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    J.K. McKnight, the Forecastle Festival's captain who founded the event dedicated to music, art and activism, expects as many as 20,000 fans to attend it this year -- an increase of 19,900 percent from the inaugural event, held just eight years ago.

    "We've sold tickets in 33 states and three countries since March," McKnight said, of the event which began as a gathering of 100 friends in 2002.

    This year's Forecastle Festival will be July 10-12 at the Riverfront Belvedere.

    Part of the reason McKnight expects the Forecastle Festival to do so well this year is the appearance of blues-rock jam band Widespread Panic, "They're only doing three shows this whole summer," McKnight said of the group that will be headlining the West Stage on both Saturday and Sunday nights.

    McKnight doesn't believe the economy will have much impact on the attendance. "The concert industry isn't really down at all. It's been doing huge numbers for six years," he said. "I think you can tell by the growth of our festival that that's true as well."

    He did add, however, the recession is causing concert goers to hold off from buying tickets until the date of the show draws near: a trend that doesn't affect the audience's enjoyment of a concert or festival but does make it harder for producers (or captains) to plan.

    The major change this year for this year's Forecastle Festival is the date: in the past it'd been held on the last weekend of July, but the eight annual festival will be on the second weekend of the month instead.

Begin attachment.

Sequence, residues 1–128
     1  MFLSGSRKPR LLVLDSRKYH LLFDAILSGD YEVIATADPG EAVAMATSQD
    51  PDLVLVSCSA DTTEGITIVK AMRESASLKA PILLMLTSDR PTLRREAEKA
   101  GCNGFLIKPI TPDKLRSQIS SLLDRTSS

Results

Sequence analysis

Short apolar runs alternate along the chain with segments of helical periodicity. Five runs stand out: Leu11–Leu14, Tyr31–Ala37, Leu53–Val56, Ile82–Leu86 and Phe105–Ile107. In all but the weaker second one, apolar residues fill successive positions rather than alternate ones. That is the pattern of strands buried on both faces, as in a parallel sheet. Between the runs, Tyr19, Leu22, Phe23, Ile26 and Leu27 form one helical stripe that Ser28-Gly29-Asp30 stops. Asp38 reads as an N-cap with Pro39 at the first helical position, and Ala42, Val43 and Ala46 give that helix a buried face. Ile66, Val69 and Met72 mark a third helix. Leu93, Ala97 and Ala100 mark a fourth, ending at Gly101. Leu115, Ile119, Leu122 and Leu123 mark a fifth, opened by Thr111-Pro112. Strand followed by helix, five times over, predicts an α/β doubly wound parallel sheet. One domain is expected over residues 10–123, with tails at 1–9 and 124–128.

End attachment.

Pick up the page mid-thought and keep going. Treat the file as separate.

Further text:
"The last weekend in July, if you study the National Weather Service data, which is what we did extensively after last year's festival, just becoming more and more extreme," McKnight said. In addition to great live music, introspective art and activism opportunities, the last three festivals also featured torrential downpours and a heat index as high as 106 degrees.

    McKnight said the other reason for the date change was the competition. "The past couple years a lot of other festivals have jumped in that last weekend of July and directly compete with us," he said, citing the Fuji Rock Festival in Japan as another event drawing from the same talent pool of performers.

    The new dates, however, come with an advantage, McKnight said. "It does route nicely between Rothbury [Festival, July 2-5 in Michigan] and Pitchfork [Music Festival, July 17-19 in Chicago], which is really nice for us because this year especially we're drawing some of that Rothberry audience and mixing that West Stage audience [fans of national acts] with the East Stage audience, which is always more indie rock, which is kind of our Pitchfork audience. It's nice for us to be in the middle there."

    Tickets for the Forecastle Festival are on sale at Ticketmaster's Web site, all Ticketmaster locations, charge-by-phone at (800) 745-3000 and select independent record stores (including Louisville's own ear X-tacy).

    Single-day passes cost $40.00 with three-day passes available at $100.00. Kick-off party, after-parties and VIP package options also are available, as well as campground accommodations and on-site hotel rooms overlooking the festival site and the Ohio River.

    Zach Everson's picture

    About Zach Everson

    Journalist • Reporting on conflicts at Trump's DC hotel & other businesses • 1100 Pennsylvania newsletter • Tips:, cell/SMS/Signal 202.804.2744

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